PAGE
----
Okay, so we’re in the final stretch of the best film soundtracks of all time. Assuming, you’ve read the 1st 2 entries (which you recap here and here), then off we go. And remember any click on image will take you to Amazon if you’re looking to add one to your collection.
These to me are the 10 definitive film soundtracks of all time (replete with cool links for this expanded edition). Read on:
“Spinal Tap” is the greatest film about heavy metal. It doesn’t matter if it’s a fictional band, as any real band will testify that they’ve been lost trying to find the stage, had to cancel a gig when they’re career plateaued or had internal fighting due to a significant other that created disharmony amongst the band. What makes the film even more remarkable, is that it’s entirely played and performed by the actors themselves. Michael McKean, Harry Shearer and Christopher Guest so nailed the beautiful ludicrousness of rock clichés that they’re now just part of the lexicon (“This goes up to 11”, “There’s such a fine line between stupid and clever”. The songs hit the late 70’s rock stride of pompous, overly macho bands like Saxon and Rainbow, and their lyrics perfectly parody their silliness. My vote for best song? “Big Bottom” all the way baby.
When I heard they were doing a new Batman film, I was a tad trepidatious but hoped that after the Tim Burton and Joel Schumaker misfires, they finally would get it right with my favorite character in all of pop culture. I was not only relieved, but my expectations were exceeded. And to top it off, Hans Zimmer & James Newton Howard outdid the one thing that the early Batman films had going for them, which was Danny Elfman’s score. Combining strings with electronics (in particular I love the huge swatting background sounds which perfectly evokes the sound of a bat’s leathery flapping wings) they made it their own. “The Dark Knight’s” score is even richer than it’s prequel, “Batman Begins”. From the disturbing, ascending Joker’s theme (partly accomplished by playing a guitar with a razor blade) to the epic majestic strings of the title theme, it never ceases to give me the chills.
*Just barely missing inclusion due to my 1 composer per entry rule. was Zimmer’s amazing score for “Inception”. Newton Howard also did a nice score for Peter Jackson’s “King Kong”.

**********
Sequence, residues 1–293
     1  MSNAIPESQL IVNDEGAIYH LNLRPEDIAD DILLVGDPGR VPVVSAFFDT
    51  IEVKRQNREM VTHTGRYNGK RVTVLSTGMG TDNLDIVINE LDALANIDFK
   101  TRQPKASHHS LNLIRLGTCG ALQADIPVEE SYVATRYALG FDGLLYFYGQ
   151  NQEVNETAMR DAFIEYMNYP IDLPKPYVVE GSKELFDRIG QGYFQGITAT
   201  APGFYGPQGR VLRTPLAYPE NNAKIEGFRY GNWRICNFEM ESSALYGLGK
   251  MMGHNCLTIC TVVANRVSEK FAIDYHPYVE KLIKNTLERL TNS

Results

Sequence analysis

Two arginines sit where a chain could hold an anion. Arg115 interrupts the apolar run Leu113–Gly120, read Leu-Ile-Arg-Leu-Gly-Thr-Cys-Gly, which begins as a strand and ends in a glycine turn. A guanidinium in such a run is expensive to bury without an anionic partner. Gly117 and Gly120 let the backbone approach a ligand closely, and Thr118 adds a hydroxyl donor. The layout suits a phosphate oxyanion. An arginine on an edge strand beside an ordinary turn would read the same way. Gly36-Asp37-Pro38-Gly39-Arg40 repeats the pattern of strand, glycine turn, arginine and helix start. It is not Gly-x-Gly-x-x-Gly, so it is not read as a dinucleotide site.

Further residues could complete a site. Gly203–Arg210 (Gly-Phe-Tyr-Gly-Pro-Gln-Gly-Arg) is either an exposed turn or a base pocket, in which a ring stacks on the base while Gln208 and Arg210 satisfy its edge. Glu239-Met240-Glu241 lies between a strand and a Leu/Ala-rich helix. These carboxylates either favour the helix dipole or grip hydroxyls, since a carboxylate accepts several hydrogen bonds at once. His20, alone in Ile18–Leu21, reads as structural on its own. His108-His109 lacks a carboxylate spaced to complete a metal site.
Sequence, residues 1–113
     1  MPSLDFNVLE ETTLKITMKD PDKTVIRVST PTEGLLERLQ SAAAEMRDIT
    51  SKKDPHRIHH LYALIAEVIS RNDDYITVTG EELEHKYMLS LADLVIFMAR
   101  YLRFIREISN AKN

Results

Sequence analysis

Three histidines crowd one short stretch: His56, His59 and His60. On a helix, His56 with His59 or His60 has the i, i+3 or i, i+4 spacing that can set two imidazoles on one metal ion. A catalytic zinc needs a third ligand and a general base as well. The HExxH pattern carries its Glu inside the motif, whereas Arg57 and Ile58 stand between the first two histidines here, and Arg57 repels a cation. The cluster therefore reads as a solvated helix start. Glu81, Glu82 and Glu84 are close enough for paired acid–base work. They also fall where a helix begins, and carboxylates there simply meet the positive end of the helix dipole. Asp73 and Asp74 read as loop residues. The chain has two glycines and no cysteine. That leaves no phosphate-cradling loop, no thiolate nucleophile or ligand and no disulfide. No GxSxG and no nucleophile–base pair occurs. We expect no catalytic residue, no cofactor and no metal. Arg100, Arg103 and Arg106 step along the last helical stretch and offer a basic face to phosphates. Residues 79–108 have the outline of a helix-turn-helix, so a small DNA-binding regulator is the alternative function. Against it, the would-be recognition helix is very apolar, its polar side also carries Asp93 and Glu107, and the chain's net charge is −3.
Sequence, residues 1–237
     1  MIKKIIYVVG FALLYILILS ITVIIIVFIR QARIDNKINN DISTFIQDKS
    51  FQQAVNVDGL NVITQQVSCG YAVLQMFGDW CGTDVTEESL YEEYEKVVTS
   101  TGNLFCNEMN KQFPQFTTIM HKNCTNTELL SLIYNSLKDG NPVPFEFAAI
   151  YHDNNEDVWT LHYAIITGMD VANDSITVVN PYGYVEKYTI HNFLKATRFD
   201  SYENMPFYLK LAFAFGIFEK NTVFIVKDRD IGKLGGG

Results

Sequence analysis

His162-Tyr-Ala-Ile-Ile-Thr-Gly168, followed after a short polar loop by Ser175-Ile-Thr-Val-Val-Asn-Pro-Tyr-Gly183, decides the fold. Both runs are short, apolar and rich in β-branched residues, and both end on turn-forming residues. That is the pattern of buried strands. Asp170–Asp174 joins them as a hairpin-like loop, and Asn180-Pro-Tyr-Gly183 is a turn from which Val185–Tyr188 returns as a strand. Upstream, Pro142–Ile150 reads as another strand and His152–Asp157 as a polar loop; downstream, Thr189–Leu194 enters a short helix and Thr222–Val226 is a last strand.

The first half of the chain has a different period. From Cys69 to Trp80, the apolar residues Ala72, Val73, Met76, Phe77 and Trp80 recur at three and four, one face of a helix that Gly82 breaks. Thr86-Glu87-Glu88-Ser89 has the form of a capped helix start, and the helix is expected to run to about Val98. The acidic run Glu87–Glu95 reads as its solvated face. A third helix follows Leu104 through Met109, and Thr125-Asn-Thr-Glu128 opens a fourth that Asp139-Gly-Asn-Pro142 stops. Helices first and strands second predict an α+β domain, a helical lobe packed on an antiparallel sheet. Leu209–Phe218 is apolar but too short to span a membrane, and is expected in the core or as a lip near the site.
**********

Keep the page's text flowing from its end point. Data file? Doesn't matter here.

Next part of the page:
David Lynch’s films always have excellent music. And a key component of that is his recurring composer Angelo Badalementi. Well steeped in the grandiose, orchestral style of old Hollywood with the ability to interject unnerving, unexpected moments of atonality, he’s able to hit all of the unsettling emotional buttons the director enjoys pushing. Blue Velvet has one of the best main title scores ever, and “Mysteries Of Love” (featuring Lynch muse Julee Cruise) has a transcendent hypnotic quality that still holds it spell. Added to the mix are a bunch of golden oldies, given ominous new intent due to the disturbing images they accompany, none more so than how Lynch utilized Roy Orbison’s stirring nocturnal classic “In Dreams”.
It was a challenge choosing just one score from the warhorse that was Jerry Goldsmith. Do I go with “Planet Of The Apes” with its bizarre mix of traditional orchestral instrumentation along found percussion such as mixing bowls? Or for his eerie score to one of the most unsung films of all time “Seconds” (hunt for it, its amazing)?. His reworking of film noir for “L.A. Confidential”? Or the other hundreds of films that immediately went up a star just by his association He did “Chinatown” for God’s sake!
I had to go with “Alien”, even though Goldmith was irritated that Ridley Scott only used portions of the score he had written and that he re-used some of his score from a different film altogether ( “Freud”). But it’s such a nightmarish, taught disturbing work of genius. The seasick strings and rattling percussion making an already terrifying film fall right off the edge. Jerry was one of the best, period, and “Alien” remains his masterwork. Luckily it’s been released with everything Goldsmith created, so it can be even more fully appreciated.
5. “Star Wars”
You knew this had to show up somewhere on this list right? George Lucas has polluted his legacy over the years with inferior prequels, but the one dude who still comes out smelling like a rose is John Williams. Music snobs have accused him of pilfering from the Operas of Wagner and other classical composers, but like any great rock riff, someone’s borrowed a little here, and a little there. It’s what you do with it that counts.
Picking one John William’s score proved difficult, but lets face it “Star Wars” is his finest (just edging out “Jaws”, another brilliant score). For many of us, his music is the soundtrack to our childhood. It brought melodrama and a curiosity for the future that had been absent in the malaise of post Vietnam and Watergate. It sold way more than pretty much any classically based soundtrack ever, and it was the template for the golden age of sci-fi films of the late 70’s and early 80’s.